Posted on Mon 14 Mar 2016 at 13:12 by Christopher Carter
(CW: sexual assault and rape)
International Women’s Week 2016 has now concluded, and we saw a number of societies at Warwick host their own events in celebration of this. Even though misogyny (specifically a rejection of feminist leadership) is still sorely felt and experienced on campus, I can’t help but walk away from the week’s events with profound positivity.
I was invited to speak on a panel about sexual assault in universities in my capacity as SU Women’s Officer. Sitting alongside some game-changing academics and activists whose work I have come across while researching the issue myself, I was there to represent Warwick students specifically and discuss the problems we have on our doorstep.
Having spent most of the time on the panel furiously taking notes and picking the brains of fellow activists, I can now share some of the most poignant details. 1 in 3 students at university will experience some form of sexual assault during their study, with fellow students committing the vast majority of these attacks. It has happened at Warwick, it does happen, and sadly it will happen again.
We need multi-pronged strategies to both cope with and tackle this. First, we need to work on prevention. Criticisms of schemes such as I <3 Consent point out that university age is too late to start consent training - of course, in an ideal world consent would be ingrained in sex education from a much younger age, but that doesn’t mean that we should discard consent education on campuses. It may not be the answer but, in lieu of meaningful national reform, it is a start. Meanwhile, we also need permanent student-facing campaigns that are funded by the university.
Recommendations coming out of the event recognise that change must come from the ground-up. To quote Dr Helen Mott, we need a student-led culture that decides for itself to reject sexual violence. These actions can be as simple as telling a friend that their rape joke wasn’t cool, or that you didn’t appreciate a sexist comment being made. Raising awareness through the education of bystanders is as important as that of potential perpetrators.
In the SU, we have engaged in frontline staff training for those working in venues to be more aware and considerate of the issues at stake. The cultural discourse around perceived ‘acceptable behaviours’ is often guilty of helping to facilitate assault, in turn creating a cycle in which lad culture is produced and reproduced. We have therefore signed up to the NUS Lad Culture audit and exercise pilot scheme, in a collaborative effort to bring about a reformative ethos nationwide. There is also recognition from the feedback of current workshops that quality control can be an issue, and we need our student trainers to be consistent and on point every time.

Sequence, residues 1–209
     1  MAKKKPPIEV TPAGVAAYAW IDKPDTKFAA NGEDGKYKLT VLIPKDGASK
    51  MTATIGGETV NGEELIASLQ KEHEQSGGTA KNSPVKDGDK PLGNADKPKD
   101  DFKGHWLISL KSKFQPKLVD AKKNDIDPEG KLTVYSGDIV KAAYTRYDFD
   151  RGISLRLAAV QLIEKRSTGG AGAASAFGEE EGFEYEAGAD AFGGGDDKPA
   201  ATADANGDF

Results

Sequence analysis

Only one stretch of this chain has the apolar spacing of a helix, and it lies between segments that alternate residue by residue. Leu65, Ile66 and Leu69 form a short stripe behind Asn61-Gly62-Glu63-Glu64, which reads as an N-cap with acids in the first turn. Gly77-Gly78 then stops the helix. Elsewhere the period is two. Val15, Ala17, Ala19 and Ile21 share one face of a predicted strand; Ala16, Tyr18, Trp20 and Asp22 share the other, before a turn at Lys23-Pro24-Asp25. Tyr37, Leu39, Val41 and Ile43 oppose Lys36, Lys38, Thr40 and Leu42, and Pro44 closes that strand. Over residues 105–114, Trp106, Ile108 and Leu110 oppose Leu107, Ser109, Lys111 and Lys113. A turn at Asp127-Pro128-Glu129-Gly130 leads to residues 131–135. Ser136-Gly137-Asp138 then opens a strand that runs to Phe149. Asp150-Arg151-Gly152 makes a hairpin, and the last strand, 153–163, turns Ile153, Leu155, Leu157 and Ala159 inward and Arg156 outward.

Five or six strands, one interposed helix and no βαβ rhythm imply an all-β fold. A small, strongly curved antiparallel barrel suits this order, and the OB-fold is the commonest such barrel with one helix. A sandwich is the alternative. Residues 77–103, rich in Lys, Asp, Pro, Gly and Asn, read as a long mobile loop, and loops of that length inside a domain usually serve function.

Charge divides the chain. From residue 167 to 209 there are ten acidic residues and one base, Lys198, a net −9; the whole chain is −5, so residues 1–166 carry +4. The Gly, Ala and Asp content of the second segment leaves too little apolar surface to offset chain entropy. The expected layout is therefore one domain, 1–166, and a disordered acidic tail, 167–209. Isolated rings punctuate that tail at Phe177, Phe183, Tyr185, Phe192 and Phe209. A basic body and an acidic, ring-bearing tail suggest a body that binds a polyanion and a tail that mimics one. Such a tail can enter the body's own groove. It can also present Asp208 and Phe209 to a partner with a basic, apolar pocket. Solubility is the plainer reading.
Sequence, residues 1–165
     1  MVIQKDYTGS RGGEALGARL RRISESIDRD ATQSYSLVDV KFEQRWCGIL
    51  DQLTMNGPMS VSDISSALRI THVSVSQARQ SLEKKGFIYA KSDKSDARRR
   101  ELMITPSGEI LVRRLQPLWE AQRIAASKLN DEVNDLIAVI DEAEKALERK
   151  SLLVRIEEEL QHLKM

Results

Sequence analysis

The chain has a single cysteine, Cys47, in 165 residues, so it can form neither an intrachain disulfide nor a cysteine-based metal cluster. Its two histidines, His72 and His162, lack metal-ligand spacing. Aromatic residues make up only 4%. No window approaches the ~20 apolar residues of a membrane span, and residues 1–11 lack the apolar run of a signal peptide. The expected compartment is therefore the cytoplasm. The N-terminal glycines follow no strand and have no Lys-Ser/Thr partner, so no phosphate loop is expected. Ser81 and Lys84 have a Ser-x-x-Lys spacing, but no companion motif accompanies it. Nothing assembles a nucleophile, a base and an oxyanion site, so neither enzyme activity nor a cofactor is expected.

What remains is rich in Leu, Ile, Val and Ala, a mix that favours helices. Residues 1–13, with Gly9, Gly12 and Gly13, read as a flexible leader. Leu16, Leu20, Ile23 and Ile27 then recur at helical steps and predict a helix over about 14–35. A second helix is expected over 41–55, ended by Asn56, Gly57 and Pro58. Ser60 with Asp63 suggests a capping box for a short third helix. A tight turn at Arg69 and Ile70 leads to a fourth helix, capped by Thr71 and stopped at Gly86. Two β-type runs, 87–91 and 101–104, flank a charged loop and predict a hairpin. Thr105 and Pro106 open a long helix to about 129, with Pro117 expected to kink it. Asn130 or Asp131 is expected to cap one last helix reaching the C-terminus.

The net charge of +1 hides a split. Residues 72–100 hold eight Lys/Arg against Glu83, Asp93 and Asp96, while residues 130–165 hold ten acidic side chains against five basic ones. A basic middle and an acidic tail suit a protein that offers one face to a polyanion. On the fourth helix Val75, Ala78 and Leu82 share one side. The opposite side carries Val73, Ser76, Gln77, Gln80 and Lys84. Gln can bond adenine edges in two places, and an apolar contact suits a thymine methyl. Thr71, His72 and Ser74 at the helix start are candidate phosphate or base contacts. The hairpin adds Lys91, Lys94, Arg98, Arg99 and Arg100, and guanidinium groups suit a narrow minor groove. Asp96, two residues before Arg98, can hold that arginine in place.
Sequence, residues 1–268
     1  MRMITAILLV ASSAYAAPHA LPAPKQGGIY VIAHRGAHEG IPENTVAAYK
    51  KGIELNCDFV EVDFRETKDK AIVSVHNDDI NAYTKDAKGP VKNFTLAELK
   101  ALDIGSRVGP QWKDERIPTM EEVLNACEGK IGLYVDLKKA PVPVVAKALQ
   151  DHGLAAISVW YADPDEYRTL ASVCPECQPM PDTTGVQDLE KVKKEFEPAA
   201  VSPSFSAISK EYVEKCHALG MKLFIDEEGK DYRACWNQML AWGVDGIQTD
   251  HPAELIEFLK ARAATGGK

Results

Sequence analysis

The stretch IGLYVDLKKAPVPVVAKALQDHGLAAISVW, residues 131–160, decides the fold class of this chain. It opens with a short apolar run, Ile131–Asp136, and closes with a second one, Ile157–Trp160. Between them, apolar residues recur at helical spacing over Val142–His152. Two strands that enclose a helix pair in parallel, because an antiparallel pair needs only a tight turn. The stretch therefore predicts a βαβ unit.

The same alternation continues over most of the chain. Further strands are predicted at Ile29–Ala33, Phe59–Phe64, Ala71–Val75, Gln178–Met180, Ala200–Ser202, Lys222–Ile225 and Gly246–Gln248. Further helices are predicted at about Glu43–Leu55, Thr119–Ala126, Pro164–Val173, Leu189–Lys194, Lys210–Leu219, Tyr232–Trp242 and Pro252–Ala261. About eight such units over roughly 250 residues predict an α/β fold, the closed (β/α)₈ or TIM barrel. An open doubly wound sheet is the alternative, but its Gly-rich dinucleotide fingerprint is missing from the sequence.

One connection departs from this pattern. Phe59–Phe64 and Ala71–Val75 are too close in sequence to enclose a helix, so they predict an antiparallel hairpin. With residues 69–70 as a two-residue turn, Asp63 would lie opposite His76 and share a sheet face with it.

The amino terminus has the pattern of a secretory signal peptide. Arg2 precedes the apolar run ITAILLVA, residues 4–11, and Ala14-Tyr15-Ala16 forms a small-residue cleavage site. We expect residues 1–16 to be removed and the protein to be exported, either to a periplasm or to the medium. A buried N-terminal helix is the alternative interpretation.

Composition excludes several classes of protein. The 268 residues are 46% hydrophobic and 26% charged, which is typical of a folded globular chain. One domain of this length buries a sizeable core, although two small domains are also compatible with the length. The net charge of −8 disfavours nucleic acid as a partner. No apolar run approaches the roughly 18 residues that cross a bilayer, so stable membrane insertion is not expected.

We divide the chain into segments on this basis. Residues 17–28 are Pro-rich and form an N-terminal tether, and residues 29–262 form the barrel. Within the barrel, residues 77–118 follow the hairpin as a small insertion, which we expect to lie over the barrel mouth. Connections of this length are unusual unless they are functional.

While we’re charged with the duty of a ‘lad culture’ overhaul in the student body, then, the University also needs to act. Though work on prevention is an obvious necessity, with sexual violence being such a prevalent reality in society and on university campuses, we cannot be blinkered in our approach and must work on after-care solutions as well. Higher Education institutions often boast policies on Equality and Diversity, but these are redundant if they are not fit for purpose or exclude pathways for responding to sexual assault.
The national guidelines currently in place for universities are police-oriented, demonstrating more concern with safeguarding a university’s reputation and supporting the accused over the victim. All of the above are out of touch, misguided and dangerous. 57% of victims who have the courage to confide in friends and family about their ordeal still won’t go to the police. This is of little surprise when there is still such widespread misunderstanding of sexual violence, specifically regarding agency and who is at fault. It’s often only from reading about the experiences of others and comparing them to your own that victims are able to properly categorise their assaults as just that: assaults. It’s a big, scary word that connotes a certain type of attack between two strangers in a dark place. However, as soon as we debunk these myths and overturn widely-held ideas of what constitutes assault, then we can hopefully begin to see a decrease in the blurring of consent and an increase of reports when assaults do happen.
As it stands, universities are notoriously poor at handling reports. Policies on the issue are neither transparent nor readily available, with no one single point of contact ready to help. Instead, victims who are likely in the midst of a battle with psychological trauma get passed from pillar to post, made to divulge their testimony up to 15 times to 15 different staffers, and then told about what the university can’t do for them. The picture is bleak.
Coming out of this event, though, there is so much hope and determination. Having now been elected to the position of Welfare and Campaigns Officer, and thus in an ideal position to tackle some of the campus-specific problems, I can’t wait to get started on reforming our approach to keeping students safe once my term begins.
If anything that you have read here affects you or you need help, there is support available:
Coventry Rape and Sexual Abuse Centre (CRASAC) - 02476 277777 or http://www.crasac.org.uk/
Rape Crisis - http://rapecrisis.org.uk/
Survivors UK (for men only) - https://www.survivorsuk.org/
Terrence Higgins Trust – 02476 229 292 or www.tht.org.uk
University information page - https://www2.warwick.ac.uk/services/tutors/counselling/informationpages/sexual_assault/
Warwick SU Advice Centre - https://www.warwicksu.com/advice/ or visit the second floor of SUHQ.